Skip to Content, Navigation, or Footer.
Thursday, May 23, 2024
The Observer

Tame Impala resurrects with ‘The Slow Rush’

Theresa Tulsiak
Theresa Tulsiak

After five years of miserable dormancy, Tame Impala has returned with a matured sound on its fourth LP, “The Slow Rush.” Frontman Kevin Parker guides us through a psychedelic journey from past to future, even framing the album with songs titled “One More Year” and “One More Hour” to further emphasize the overarching theme of time.

The buildup for this album was intense. As an avid Tame fan, I knew that Kevin Parker had analyzed every track, tweaking sounds and lyrics until he felt they were worthy of our ears. And I was not disappointed. 

Parker’s trademark echoey beats, thought-provoking lyrics and sonorous voice all appear on the album, but there is a notable change in his artistry. The sound quality is incredible, and the wide variety of instruments and sounds on each track work together in perfect harmony. To put it simply, Tame Impala has come into its own and found the perfect blend of consistency and novelty.

One standout track was “Breathe Deeper.” Sandwiched between the album’s pre-released singles, it seems Parker has faith in the song’s ability to capture attention amidst some of the band’s other hits. The catchy piano riff echoes his single “Patience” but isn’t redundant; the song’s overall “vibe” is much more intellectual and airy, making you want to get up and dance but also sit down and think.

The song’s lyrics are concerned with one’s natural need to stop and take a deep breath between moments of action. Parker attributes much of his success to the simple practice of breathing deeply and eloquently encourages us to do the same, singing “breathe a little deeper / should you need to come undone / and let those colors run.”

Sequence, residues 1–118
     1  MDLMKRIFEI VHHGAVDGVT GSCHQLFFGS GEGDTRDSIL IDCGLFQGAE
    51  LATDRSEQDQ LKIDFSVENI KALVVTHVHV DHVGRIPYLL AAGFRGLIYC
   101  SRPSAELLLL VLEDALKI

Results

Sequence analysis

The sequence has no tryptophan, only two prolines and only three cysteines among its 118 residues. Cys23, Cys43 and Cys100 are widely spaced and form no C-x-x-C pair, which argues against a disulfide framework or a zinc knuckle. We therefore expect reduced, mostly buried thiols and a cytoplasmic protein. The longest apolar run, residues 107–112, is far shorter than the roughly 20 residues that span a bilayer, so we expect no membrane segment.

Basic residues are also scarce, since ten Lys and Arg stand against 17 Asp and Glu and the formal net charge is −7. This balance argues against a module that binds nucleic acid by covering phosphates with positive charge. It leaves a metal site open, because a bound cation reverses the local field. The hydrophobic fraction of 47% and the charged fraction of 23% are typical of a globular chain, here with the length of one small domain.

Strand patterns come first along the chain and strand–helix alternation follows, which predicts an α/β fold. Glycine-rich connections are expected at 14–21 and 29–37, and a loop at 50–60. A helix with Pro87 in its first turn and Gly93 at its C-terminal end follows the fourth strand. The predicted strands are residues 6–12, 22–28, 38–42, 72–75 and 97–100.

Another notable track is “Posthumous Forgiveness,” the second two-part song that Tame fans had been anticipating since “Love/Paranoia.” Its hard-hitting pulses are irresistible, as is the metaphysically-gorgeous introduction to the song’s second half. Parker’s lyrics show us a glimpse of his past and his constant struggle with regret. The sound of this track blends perfectly with the overall tone of the album.

The message of each song is unique, but they all support a thesis that Parker establishes early on: “One more year… of livin’ like the free spirit I wanna be,” he says in “One More Year.” “The Slow Rush” reminds us the future is uncertain and the past cannot be changed. Whether we’re taking a risk, lost in yesterday or wishing for one more hour, Parker challenges us to look past the constraints of time and take each moment as it comes.

Despite all of this, I do have a few qualms that prevent me from calling the album perfect. The early release of four of its alluring tracks was exciting at the time, but it ultimately detracted from the overall listening experience. While listening to the complete album, I was admittedly tempted to skip the songs I already knew in order to get to the newer ones.

Listeners tend to criticize writer Kevin Parker for reusing similar riffs and sounds, making his songs sound similar. While I recognize the validity of such a complaint, it seems to me that the consistency in Parker’s music is no different than that of other artists, whose songs sound relatively the same because they use the same instruments and have the same lead vocalists. The difference is that Tame Impala fronted an entirely new genre of music, so the distinctness in sound makes the similarities much more obvious.

It is also worth noting that “The Slow Rush” diverges from Parker’s past music in a number of ways. Both the “rock-and-roll” elements in “Innerspeaker” and “Lonerism” and the psychedelic intensity of “Currents” are present in the new album, but a muted, mysterious quality pushes Tame Impala into a new realm of stylistic sophistication.

Overall, I think the album was executed beautifully. There wasn’t a single song I didn’t like, even if some did take a few listens to fully appreciate. Although I might be a little biased, I can confidently express praise and gratitude for “The Slow Rush.” Kevin Parker has gifted us with an instant classic.


Artist: Tame Impala

Album: “The Slow Rush”

Label: Modular

Tracks: “Breathe Deeper,” “Posthumous Forgiveness”

If you like: STRFKR, Clairo, Jelani Aryeh, Goth Babe, and Pond

Shamrocks: 4/5